Sometimes fact is fiction–especially regarding elective recognition of a gain or loss by a target company under Sec. 338(h)(10). Indeed, if certain elections are executed, related to a qualified stock purchase, a series of tax “fictions” unfurl.
Under Sec. 338(h)(10) of the federal Tax Code, parties involved in a qualified stock purchase can execute a joint election when the acquired corporation is a member of an affiliated group, or an ‘S’ corporation. That is, of course, if the transaction, or series of transactions, takes place within a 12-month period in which a corporation “purchases” at least 80 percent of the voting power and value of the stock of another corporation.
If that’s the case, the stock sale gain or loss is entirely ignored and the target is treated as selling its assets to a “new target,”—which is deemed created by the acquirer—for the price that was paid for the target’s stock, together with the target’s liabilities that are inherited by the new target. This “deemed sale” occurs at a time when the target is still a member of the selling corporation’s group (or owned by the ‘S’ corporation’s shareholders).
Immediately after the deemed sale, the target is then treated as having liquidated into its parent (in a tax-free transaction, under Sections 332 and 337, liquidation). In the case of an ‘S’ corporation, the liquidation is governed by Sec. 331.* Thus, the target shareholders are not viewed as selling their stock—although, legally, a stock sale is clearly what has transpired.
The target shareholders are viewed, instead, as exchanging their stock, for the target’s assets, deemed distributed in complete liquidation of such target. The beneficial result: a “cost basis” for the buyer in the target’s assets at the cost of only a single level of tax, imposed on the selling shareholders.
Does this fictionalized view of the transaction—the deemed sale of assets followed by deemed liquidation—apply for other relevant tax purposes? Sometimes.
For example, in Rev. Rul. 89-98, the selling parent had an Excess Loss Account (ELA) with respect to its stock in the target. That means the stock was sold and a joint election under Sec. 338(h)(10) was effected. The ruling concludes that the “asset purchase model” applies for purposes of the consolidated return rules.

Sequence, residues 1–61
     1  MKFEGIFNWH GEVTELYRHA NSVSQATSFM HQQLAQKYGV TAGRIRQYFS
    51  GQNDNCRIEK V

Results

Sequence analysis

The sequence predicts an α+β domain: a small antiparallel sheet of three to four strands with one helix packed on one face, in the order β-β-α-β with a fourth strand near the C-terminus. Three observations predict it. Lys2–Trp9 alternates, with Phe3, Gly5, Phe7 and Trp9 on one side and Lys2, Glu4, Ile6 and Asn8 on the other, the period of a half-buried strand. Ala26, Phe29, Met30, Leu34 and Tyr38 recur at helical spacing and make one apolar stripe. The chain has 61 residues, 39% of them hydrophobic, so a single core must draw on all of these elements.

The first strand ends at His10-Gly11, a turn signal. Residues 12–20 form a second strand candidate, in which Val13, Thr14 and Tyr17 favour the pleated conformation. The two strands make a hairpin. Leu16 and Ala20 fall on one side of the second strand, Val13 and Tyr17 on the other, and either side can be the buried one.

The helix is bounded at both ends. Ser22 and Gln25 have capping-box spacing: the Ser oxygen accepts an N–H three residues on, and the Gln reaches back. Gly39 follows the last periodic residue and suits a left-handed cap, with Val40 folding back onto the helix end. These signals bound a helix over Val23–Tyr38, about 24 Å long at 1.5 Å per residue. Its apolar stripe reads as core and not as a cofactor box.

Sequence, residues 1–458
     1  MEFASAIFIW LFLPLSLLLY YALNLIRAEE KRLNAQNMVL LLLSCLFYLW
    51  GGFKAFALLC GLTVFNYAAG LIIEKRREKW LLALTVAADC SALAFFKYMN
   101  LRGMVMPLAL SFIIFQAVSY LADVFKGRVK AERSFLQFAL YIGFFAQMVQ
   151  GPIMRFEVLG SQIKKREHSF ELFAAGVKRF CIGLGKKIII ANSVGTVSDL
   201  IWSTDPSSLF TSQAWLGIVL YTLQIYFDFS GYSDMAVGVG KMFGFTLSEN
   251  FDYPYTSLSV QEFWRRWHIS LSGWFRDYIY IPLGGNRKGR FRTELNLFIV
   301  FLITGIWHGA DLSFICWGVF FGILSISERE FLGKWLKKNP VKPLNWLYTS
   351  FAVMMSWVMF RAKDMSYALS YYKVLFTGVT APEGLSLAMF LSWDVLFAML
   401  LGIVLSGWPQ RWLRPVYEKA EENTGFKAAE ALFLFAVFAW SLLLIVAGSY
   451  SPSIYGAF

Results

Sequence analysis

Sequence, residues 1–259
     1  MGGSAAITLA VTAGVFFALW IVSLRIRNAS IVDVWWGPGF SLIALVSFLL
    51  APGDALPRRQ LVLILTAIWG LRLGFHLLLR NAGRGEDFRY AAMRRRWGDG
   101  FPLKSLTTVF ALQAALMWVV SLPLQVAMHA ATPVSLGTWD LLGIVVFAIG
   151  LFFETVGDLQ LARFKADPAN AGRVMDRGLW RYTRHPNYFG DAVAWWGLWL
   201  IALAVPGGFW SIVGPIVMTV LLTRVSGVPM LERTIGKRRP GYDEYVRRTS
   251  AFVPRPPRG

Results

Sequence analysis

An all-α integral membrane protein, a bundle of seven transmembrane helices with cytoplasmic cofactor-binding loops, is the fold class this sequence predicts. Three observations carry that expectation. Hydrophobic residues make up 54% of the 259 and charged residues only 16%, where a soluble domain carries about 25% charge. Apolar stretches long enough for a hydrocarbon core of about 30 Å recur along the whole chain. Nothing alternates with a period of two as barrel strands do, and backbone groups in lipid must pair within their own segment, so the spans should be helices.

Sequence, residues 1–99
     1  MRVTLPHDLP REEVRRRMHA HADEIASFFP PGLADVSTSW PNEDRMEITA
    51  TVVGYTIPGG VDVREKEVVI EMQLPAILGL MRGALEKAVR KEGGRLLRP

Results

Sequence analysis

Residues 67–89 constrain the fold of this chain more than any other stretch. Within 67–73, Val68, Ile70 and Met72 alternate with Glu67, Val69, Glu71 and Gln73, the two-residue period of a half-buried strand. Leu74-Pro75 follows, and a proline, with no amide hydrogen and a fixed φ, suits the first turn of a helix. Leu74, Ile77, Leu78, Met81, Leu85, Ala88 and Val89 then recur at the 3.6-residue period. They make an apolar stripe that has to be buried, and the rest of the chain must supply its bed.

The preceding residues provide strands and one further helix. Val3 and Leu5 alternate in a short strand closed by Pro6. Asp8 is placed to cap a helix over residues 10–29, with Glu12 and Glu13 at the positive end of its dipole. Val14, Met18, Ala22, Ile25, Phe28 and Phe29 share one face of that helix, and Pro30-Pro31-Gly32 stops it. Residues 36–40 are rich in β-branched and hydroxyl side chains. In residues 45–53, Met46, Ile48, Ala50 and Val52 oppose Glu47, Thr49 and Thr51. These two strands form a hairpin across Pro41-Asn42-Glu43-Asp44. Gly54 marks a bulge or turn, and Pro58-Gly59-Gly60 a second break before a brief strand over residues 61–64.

Accordingly, the sale of stock was ignored for purposes of determining whether the ELA was properly included in income. Indeed, since a deemed Sec. 332 liquidation is not, for this purpose, a “disposition” of stock, the ELA was eliminated on the liquidation and did have to be taken into account by the selling parent. On the other hand, for purposes of the collection provisions of Subtitle F, the “stock purchase model” prevails.
Therefore, for this purpose, the new target is regarded, merely, as a “continuation” of the old target, and the new target remains directly liable for taxes of the selling consolidated group that are attributable to years during which the old target was a member of the selling group. (Reg. Sec. 1.1502-6.) This is true, moreover, despite the fact that an actual asset sale and liquidation would clearly exempt from the buyer from this “dash 6″ liability.
An interesting resolution of this dichotomy can be found in a recent court case decided in Pennsylvania, Canteen Corp. v. Pennsylvania, involving a target’s liability for state taxes.
The issue was whether the gain from a sale (of a target’s assets) deemed to occur under Sec. 338(h)(10), was taxable for Pennsylvania purposes, as “business income” or “non-business income.” The latter designation was desirable because the rates imposed on non-business income were decidedly lower.
The court concluded that the gain was properly regarded as non-business income. It found that the assets were not disposed of as an “integral part” of the taxpayer’s regular trade or business. This was so because under Sec. 338(h)(10)—which the court ruled had to be consistently applied—the proceeds derived from the sale of assets were not reinvested. Rather, under Sec. 338(h)(10)’s fictionalized view of the transaction, the proceeds were distributed (in liquidation) to the seller’s shareholder.
The court ruled that the liquidation (of assets) and (ensuing) distribution could not be recognized to yield a fictitious gain, subject to Pennsylvania taxes. But the court then avoided the precedents which had treated an asset sale gain (that was followed by a distribution as opposed to a reinvestment) of the sales proceeds as non-business income.
This was true, moreover, even though, as the dissenting opinion aptly pointed out, the transaction, in reality, did not involve a cessation of the target’s business. It was continued, without diminution, by the buyer of the target’s stock. Thus, at least in Pennsylvania, and for many other ancillary tax purposes, the form of a Sec. 338(h)(10) election is respected and, as the Canteen case demonstrates, recognition of such form will frequently yield favorable tax results.
Although the liquidation is governed by Sec. 331, no double taxation should result because the basis of selling a shareholder’s stock is adjusted, upward, to reflect the corporate level gain recognized on the deemed sale of assets.